Loft conversions are a great way to increase the space and value to your house. They can be costly and complicated, but careful planning and design will make the procedure of your loft conversion as smooth as possible. There are lots of different factors that can vary between loft conversions, so it’s vital to have a architectural survey undertaken on your existing loft to determine what form of conversion will be appropriate. If other conversions have been done on similar properties in your street, check to see what type of conversions have been done.
Loft conversions are appropriate for many homes, but your current loft needs to have at least 2.2-2.4m of ceiling height in order to carry out a conversion as some of this space will be lost to extra insulation or modifications to the roof height. If you don’t have the required ceiling height, alterations can be made to the pre-existing roof or floor of the loft, but this will be expensive. Also consider the positioning of the staircase, as you will need a suitable location for a permanent staircase on the floor below the loft.
There are different styles of loft conversion. Rooflight and dormer window loft conversions are the most straightforward. Rooflight conversions will simply require setting up rooflights into the existing roof profile, while dormer windows are vertical windows with their own small roofs that are positioned in the pre-existing roof. Dormer windows add headroom in situations where it could be limited. There are also the higher priced hip to gable and mansard style loft conversions, but these will greatly raise the size of the room.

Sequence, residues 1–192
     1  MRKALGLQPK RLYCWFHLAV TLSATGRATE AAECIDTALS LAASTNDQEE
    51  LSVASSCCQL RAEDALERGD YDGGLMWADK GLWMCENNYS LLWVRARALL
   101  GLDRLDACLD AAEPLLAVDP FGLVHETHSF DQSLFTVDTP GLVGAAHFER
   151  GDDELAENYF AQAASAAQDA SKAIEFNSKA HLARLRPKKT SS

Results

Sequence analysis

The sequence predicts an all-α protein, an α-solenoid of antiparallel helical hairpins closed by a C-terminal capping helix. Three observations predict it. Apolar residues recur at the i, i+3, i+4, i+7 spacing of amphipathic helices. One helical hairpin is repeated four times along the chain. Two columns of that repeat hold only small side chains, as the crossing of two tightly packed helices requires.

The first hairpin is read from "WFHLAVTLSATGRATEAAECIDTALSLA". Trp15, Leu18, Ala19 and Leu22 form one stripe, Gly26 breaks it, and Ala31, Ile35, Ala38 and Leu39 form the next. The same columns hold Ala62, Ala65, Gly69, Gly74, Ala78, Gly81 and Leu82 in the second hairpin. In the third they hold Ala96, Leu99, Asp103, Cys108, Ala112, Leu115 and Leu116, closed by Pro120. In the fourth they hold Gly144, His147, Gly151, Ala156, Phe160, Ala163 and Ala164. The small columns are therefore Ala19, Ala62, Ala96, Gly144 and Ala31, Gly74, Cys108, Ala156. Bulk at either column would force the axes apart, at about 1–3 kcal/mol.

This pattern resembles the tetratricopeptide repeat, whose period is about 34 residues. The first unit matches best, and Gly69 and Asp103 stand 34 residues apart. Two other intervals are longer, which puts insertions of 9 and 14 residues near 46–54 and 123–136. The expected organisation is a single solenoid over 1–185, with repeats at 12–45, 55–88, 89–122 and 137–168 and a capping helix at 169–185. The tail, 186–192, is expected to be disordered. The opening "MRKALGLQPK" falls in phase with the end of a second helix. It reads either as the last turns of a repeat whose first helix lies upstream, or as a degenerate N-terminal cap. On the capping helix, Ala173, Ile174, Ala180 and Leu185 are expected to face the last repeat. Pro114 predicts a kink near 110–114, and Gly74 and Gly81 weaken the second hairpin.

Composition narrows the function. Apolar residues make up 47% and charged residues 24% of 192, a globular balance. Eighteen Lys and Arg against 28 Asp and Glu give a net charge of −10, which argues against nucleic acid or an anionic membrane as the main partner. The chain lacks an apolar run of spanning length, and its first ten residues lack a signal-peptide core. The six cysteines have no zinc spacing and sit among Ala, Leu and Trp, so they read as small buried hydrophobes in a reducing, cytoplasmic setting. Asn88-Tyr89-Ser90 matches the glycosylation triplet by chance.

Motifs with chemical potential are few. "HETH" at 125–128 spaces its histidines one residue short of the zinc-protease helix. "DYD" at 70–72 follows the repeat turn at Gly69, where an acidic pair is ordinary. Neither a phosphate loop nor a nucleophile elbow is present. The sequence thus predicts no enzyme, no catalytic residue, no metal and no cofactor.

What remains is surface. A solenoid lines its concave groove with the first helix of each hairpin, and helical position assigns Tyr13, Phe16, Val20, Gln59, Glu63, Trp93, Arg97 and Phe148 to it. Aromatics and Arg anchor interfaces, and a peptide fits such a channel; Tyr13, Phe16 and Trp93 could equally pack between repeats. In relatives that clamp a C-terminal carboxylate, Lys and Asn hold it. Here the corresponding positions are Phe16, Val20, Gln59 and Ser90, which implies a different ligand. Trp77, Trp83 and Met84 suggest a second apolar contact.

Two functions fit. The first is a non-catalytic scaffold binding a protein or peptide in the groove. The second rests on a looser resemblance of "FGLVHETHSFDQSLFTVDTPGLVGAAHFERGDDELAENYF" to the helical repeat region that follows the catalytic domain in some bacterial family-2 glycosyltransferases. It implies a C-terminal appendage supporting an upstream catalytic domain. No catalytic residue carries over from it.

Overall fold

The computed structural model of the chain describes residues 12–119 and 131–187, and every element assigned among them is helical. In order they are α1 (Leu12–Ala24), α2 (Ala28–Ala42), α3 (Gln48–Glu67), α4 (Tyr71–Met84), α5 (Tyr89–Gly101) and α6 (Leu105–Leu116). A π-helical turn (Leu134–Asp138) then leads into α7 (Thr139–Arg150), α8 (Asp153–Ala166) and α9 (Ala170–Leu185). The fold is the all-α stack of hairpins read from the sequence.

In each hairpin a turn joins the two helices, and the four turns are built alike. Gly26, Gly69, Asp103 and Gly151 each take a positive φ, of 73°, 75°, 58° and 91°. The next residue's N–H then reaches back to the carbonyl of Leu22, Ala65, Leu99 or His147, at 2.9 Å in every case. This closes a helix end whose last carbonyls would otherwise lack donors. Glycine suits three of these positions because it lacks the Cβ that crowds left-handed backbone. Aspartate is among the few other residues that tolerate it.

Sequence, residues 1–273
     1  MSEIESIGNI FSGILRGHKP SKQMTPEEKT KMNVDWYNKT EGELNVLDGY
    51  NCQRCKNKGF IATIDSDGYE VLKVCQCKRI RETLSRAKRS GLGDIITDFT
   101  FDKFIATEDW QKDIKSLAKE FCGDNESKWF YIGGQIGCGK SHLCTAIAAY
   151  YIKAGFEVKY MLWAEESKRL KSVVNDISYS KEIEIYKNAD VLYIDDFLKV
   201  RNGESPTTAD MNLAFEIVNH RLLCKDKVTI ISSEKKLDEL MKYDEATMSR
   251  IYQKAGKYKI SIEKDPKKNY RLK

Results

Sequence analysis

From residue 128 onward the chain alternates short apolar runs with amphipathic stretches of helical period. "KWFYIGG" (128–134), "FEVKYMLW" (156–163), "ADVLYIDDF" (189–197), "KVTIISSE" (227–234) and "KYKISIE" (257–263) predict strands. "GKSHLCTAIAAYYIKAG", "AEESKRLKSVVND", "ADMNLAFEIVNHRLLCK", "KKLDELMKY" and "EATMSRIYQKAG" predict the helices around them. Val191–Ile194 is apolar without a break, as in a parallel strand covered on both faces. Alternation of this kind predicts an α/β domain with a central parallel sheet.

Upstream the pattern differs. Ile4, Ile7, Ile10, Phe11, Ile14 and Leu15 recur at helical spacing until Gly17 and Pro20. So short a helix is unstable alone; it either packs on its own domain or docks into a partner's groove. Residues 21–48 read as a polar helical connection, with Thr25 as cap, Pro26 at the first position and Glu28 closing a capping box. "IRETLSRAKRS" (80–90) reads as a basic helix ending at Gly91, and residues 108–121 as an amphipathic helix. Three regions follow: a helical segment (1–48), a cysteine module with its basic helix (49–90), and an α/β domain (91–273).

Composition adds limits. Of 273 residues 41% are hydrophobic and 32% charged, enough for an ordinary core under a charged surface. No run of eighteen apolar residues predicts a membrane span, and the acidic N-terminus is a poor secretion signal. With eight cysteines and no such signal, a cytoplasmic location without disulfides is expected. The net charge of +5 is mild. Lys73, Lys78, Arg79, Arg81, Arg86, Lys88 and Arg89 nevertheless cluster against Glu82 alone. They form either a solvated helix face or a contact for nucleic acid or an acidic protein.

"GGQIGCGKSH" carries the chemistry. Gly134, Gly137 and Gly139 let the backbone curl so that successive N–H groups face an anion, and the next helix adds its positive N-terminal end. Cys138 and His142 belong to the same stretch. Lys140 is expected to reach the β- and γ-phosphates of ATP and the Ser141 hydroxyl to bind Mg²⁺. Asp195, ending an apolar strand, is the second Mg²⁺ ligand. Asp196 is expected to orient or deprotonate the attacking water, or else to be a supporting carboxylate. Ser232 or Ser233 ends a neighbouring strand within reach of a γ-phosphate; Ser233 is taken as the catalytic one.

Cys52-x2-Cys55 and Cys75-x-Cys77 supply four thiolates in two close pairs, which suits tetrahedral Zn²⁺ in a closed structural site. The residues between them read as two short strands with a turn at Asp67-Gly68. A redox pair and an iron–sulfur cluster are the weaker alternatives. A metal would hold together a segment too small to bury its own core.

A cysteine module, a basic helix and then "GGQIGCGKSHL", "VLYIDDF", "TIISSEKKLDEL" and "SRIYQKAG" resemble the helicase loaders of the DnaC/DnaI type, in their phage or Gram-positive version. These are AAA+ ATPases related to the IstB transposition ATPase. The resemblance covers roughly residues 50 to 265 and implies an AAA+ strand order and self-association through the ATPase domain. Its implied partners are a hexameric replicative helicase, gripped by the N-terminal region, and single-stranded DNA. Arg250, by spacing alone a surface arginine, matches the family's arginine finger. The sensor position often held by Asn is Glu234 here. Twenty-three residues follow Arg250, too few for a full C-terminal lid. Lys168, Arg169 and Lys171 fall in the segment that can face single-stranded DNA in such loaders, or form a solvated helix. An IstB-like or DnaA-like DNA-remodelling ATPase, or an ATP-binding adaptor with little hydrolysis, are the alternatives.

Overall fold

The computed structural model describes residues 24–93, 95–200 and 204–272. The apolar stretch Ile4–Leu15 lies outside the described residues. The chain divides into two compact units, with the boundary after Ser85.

Some loft conversions, especially more straightforward designs like rooflight or dormer conversions, will be covered by permitted development rights and consequently not require planning permission, as long as you do not intend on adjusting the size of the structure of your current roof. Hip to gable and mansard conversions usually tend to require planning permission. If you are in a conservation area you’ll need planning permission, and this will typically stipulate the kind of conversion that you can use, as it will need to be a style that complements the area. If any of the walls of the loft are terraced, you will need a Party Wall Agreement. Building regulations will apply to all aspects of loft conversions.
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The West Dunbartonshire town of Clydebank within Scotland is situated on the northern bank of the Clyde River and it has a populace of 45,210. The town forms an area of the bigger urban area of Glasgow, Scotland’s most inhabited city. For just about any home improvement projects you’re contemplating it’s important to check quotations to get the very best price from vetted professionals within Clydebank.